And we Indians tried to use this opportunity for our freedom movement as much as possible.

Hindu–German Conspiracy - Wikipedia, the free encyclopedia

1915 Singapore Mutiny - Wikipedia, the free encyclopedia

Ghadar Mutiny - Wikipedia, the free encyclopedia

Respect to Ras Bihari Bose and Bagha Jatin. :salute: :india:
 
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Ray

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Re: Remembering 100 years of World War I - Turning Point for Civilizat

DULCE ET DECORUM EST(1)

Bent double, like old beggars under sacks,
Knock-kneed, coughing like hags, we cursed through sludge,
Till on the haunting flares(2) we turned our backs
And towards our distant rest(3) began to trudge.
Men marched asleep. Many had lost their boots
But limped on, blood-shod. All went lame; all blind;
Drunk with fatigue; deaf even to the hoots(4)
Of tired, outstripped(5) Five-Nines(6) that dropped behind.
Gas!(7) Gas! Quick, boys! – An ecstasy of fumbling,
Fitting the clumsy helmets(8) just in time;
But someone still was yelling out and stumbling,
And flound'ring like a man in fire or lime(9) . . .
Dim, through the misty panes(10) and thick green light,
As under a green sea, I saw him drowning.
In all my dreams, before my helpless sight,
He plunges at me, guttering,(11) choking, drowning.
If in some smothering dreams you too could pace
Behind the wagon that we flung him in,
And watch the white eyes writhing in his face,
His hanging face, like a devil's sick of sin;
If you could hear, at every jolt, the blood
Come gargling from the froth-corrupted lungs,
Obscene as cancer, bitter as the cud(12)
Of vile, incurable sores on innocent tongues,
My friend, you would not tell with such high zest(13)
To children ardent(14) for some desperate glory,
The old Lie; Dulce et Decorum est
Pro patria mori.(15)

Wilfred Owen
Thought to have been written between 8 October 1917 and March, 1918



@ITBP

Very anti British and the 'imperialist' war.

Hope that makes you happy! :pound:

Dulce et Decorum est, Pro patria mori. It means it is sweet and right to die for your country. In other words, it is a wonderful and great honour to fight and die for your country.

Bas Bihari Bose
Who is Bas Bihari Bose that you mention?
 
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Meriv90

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Re: Remembering 100 years of World War I - Turning Point for Civilizat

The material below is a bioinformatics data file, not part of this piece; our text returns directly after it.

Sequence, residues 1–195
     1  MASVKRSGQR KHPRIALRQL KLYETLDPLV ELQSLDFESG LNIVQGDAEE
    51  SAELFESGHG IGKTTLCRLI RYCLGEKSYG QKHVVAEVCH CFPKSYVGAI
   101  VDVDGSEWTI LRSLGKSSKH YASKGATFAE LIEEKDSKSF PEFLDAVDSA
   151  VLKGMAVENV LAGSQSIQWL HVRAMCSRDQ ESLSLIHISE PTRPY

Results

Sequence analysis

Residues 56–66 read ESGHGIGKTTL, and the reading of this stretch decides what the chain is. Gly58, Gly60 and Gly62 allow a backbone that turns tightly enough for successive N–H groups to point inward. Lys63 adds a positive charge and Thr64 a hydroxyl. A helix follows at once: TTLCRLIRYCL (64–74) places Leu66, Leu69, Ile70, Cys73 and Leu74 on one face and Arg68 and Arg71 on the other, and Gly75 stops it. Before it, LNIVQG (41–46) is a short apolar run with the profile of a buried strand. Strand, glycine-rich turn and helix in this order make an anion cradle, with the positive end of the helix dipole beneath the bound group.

Why Italy betrayed Germany???
Gonna try to explain the situation since it is vital, i don't know your education level, but what happened in italy is what brought to life Fascism first and followed by the Nazism.

First it wasn't a betray since the pact was for mutual defence, but as you might know it was Austria that declared war to Serbia in consequence we were liberated from all diplomatic obligation in respect of the central powers.

We were the first to push for the defensive pact, because France was hard pushing and just took Tunisia months before we italians did any move, with time passing Germany become the main supporter for the pact to balance French power ( Take in consideration that Austria,Italy and Germany weren't colonial powers)

Now another thing to take in consideration,
60 years before WW1 we started our indepence wars (even if the correct term would be unification)
We fought against the Austrian-Hungaric For the north of Italy
In the south against the Spanish
For the middle we had to fight with the State of the Church that was defended by the French

The main enemy was the Austrians we fought against them 3 times, 4 times if you include the WW1
The first indepence war we tried to liberate the north of italy but we lost,
For the second war we exchange Nice and the Savoy to France in exchange of military aid, we will win this war liberating part of the north of italy (Venice was still under Austrian control). We fought the battle of Solferino, the biggest battle after Leipzig. Battle of Solferino - Wikipedia, the free encyclopedia
The third war against them was fought over Venice region, we won but still a lot of italian territory is under the Ausburgic Crown. Here a map of Venice possessions, not taking in account the Aegean and other Mediterranean possessions, this was Venetian core land with the people mainly speaking Italian

Here one in the maximun espansion, while we were fighting the Ottomans and the muslim advance in the Mediterranean


Soo lets get back to WW1, it has already started, Italy was in the middle of a Economic boom, we are in full industrialisation process. So two different parties forms.
1-The Interventionist
2-The non interventionist- Neutral (Benito Mussolini at the beginning was an anti-interventionist)